Just Call My Name (I’ll Be There #2) by Holly Goldberg Sloan
Emily Bell has it all. She’s in love with a boy named Sam Border, and his little brother has become part of her family. This summer is destined to be the best time of their lives–until a charismatic new girl in town sets her sights on Sam. Now Emily finds herself questioning the loyalty of the person she thought she could trust most.
But the biggest threat to her happiness is someone she never saw coming. Sam’s criminally insane father, whom everyone thought they’d finally left behind, is planning a jailbreak. And he knows exactly where to find Emily and his sons when he escapes…and takes his revenge. (Goodreads)
Just Call My Name picks up soon after the close of I’ll Be There, the stellar debut novel by Holly Goldberg Sloan. After the emotional, nicely tied up ending of the first book we settle in with the characters we first fell for and find out exactly what happens when they get their happy ending. The truth is, it’s a lot of work, especially for Sam and Riddle, who’ve never had a normal life, never had stability or security, and have only been able to rely on each other.
In Just Call My Name, the boys are settling into their new lives, Riddle with the Bell family, who have adopted him, and Sam in an apartment nearby (the Bells wanted to adopt Sam as well, but since he was about to turn eighteen they were told it wasn’t necessary). Riddle is learning to read, trying to fit in with the adoptive family he adores (and the new brother who seems a teensy bit jealous of him). Sam is attending college and walks to the Bell family home on a daily basis to visit his younger brother. He’s struggling more with the adjustment process, so used to constantly worrying over Riddle. This new happiness is foreign and he lives as though it may somehow slip from his grasp.
Emily has a job at a local restaurant, joined by the ever-annoying Robb. Don’t call him Bobby. No, no, no. It’s Robb. Two B’s. And he’s every bit as obnoxious as that extra B makes him sound–at first. He still has this odd fixation with Emily that borders on creepy and he just doesn’t get what she sees in Sam. Sam and Emily are treading slowly, but we are able to see that these two seem to have an unshakable bond, something even they don’t quite understand.
But remember that they are, in fact, teenagers. As such, one night as Sam waits outside the restaurant for Emily to finish her shift, he meets Destiny, a girl who works at the boutique next door. Destiny has a pretty rough background and can use the help of a few friends, but she makes Emily uncomfortable. Maybe it’s the fact that she’s so experienced in life. Maybe it’s the way she dresses, or her obvious interest in Sam. Whatever it is, Emily can’t shake the feeling that this girl is trouble.
And let’s not forget Clarence Border, that stealth, arrogant man, so evil and driven in his contempt for his boys and the way they’ve been “brainwashed” by the Bells. He manages to escape prison and sets out get Sam and Riddle back to teach them all a lesson about how traitorous they’ve been.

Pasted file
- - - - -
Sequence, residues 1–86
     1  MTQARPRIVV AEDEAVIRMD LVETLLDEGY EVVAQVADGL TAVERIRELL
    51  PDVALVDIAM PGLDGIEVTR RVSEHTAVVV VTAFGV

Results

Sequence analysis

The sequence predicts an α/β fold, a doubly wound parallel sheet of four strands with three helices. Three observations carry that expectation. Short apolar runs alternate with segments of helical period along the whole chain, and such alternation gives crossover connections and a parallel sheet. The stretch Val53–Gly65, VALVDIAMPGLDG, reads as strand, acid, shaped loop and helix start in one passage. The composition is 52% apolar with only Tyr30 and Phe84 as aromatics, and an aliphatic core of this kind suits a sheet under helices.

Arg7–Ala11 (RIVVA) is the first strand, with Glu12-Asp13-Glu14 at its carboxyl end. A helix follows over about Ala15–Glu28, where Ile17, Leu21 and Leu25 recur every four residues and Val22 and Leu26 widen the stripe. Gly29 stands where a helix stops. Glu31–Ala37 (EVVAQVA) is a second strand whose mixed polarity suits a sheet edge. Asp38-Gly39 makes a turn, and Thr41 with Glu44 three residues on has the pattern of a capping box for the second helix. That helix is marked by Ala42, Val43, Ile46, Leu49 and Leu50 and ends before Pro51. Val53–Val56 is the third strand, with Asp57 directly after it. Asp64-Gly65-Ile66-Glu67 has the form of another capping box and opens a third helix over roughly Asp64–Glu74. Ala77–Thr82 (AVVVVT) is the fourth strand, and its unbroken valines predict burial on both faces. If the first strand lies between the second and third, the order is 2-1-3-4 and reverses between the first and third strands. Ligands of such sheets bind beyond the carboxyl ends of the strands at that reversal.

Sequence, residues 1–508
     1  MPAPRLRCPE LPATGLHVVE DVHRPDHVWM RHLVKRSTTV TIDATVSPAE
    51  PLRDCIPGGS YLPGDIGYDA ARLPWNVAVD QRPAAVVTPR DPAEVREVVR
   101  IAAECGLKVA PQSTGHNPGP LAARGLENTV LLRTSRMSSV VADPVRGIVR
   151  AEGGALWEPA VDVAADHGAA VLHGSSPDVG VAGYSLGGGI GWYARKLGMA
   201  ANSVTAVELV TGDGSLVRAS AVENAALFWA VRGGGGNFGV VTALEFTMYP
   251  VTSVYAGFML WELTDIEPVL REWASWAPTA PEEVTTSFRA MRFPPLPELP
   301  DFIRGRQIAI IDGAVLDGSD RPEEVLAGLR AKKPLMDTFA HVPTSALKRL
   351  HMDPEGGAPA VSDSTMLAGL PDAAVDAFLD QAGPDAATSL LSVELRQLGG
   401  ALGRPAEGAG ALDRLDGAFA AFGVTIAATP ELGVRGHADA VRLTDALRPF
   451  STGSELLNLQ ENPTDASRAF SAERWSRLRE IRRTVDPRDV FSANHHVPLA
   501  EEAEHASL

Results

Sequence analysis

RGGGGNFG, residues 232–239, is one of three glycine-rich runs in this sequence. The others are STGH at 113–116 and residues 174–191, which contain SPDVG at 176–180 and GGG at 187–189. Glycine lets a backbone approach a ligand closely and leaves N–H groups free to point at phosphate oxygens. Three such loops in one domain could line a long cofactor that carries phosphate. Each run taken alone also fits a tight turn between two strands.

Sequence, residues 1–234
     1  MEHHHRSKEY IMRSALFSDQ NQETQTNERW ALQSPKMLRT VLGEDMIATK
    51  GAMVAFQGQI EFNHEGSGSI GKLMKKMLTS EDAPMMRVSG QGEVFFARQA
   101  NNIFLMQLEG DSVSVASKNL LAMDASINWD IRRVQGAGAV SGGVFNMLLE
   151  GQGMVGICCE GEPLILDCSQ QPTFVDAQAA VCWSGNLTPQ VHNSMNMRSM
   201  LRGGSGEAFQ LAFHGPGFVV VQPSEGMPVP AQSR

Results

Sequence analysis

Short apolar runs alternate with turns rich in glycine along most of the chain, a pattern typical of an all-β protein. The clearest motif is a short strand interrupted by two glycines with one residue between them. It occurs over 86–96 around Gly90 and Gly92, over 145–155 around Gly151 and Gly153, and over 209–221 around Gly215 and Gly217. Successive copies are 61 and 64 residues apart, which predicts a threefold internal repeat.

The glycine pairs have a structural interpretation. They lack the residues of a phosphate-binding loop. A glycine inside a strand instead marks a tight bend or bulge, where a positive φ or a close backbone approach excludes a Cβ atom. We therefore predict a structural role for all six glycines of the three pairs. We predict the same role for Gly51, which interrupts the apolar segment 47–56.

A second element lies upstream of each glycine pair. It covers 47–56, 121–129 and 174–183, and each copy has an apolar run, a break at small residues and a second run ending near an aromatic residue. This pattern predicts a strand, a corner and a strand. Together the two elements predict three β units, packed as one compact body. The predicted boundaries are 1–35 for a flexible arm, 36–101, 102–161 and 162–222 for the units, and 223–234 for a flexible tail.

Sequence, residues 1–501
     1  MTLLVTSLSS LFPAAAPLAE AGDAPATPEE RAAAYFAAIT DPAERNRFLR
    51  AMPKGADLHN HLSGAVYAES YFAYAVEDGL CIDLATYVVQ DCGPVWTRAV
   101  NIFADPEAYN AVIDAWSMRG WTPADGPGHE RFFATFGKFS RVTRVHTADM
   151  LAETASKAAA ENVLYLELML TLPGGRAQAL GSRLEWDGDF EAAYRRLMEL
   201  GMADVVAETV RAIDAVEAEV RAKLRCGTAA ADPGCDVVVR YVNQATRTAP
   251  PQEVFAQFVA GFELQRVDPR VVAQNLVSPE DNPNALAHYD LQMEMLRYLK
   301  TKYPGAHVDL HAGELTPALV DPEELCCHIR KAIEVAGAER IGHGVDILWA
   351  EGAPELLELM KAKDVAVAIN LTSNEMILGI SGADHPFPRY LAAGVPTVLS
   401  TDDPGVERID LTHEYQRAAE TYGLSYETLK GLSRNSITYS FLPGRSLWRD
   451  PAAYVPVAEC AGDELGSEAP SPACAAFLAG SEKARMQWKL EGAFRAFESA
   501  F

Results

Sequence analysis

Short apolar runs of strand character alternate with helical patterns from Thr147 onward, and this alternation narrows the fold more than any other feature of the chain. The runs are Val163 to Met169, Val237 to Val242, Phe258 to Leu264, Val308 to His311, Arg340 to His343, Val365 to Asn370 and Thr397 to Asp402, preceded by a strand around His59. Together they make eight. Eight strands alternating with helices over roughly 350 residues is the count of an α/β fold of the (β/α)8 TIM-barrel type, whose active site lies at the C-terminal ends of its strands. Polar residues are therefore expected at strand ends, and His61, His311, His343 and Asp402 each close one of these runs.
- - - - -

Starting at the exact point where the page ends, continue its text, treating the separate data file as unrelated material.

I loved this book. I fell in love with the characters the first time around, and I loved them equally here. Sam is a genuinely tormented young man, balancing the damage done by his father, the changes in responsibilities with his brother (entrusting him to the Bells), and his deep love for Emily,which often confuses him in how beautiful and overwhelming it can be. The closer he gets to her, the more afraid he seems to be of letting her see how damaged he really is. This is where Destiny finds a slight connection with him. In some ways, they understand each other. Emily is understandably insecure, but she’s still the bright, brave girl we met the first time around. I had mixed feelings about Robb and Destiny (of course I hated her at first because DON’T EVEN), but they both earned my respect in the things they were willing to do for their friends. The star of the show though was Riddle who, through the love of his new family and that of his big brother, has grown more vocal, and has embraced his new life with bright curiosity. I dare you not to fall in love with this kid.
If I have any complaints about this book it’s the fact that Emily’s parents play such a small role. They were such an integral part of the last book and they are the reason Emily is the girl she is, which is evident in the way they’ve taken in the boys (especially considering how awkward it must be to have their adoptive son’s big brother who is an almost-adult dating their daughter). Otherwise, this was a great book and a good follow-up to a story I already felt immersed in.
Crush Intensity: 5/5 I love Holly Goldberg Sloan’s omniscient storytelling style that lets us into the minds of multiple characters. Excellent sequel.
Thank you to NetGalley and to Little & Brown for giving me an e-galley in exchange for an honest review.
One thought on “Just Call My Name”
I bought the first book on your recommendation, but it’s been sitting on my nook, unread because it seems like it will be depressing. your review of this book really makes me want to get to it, soon.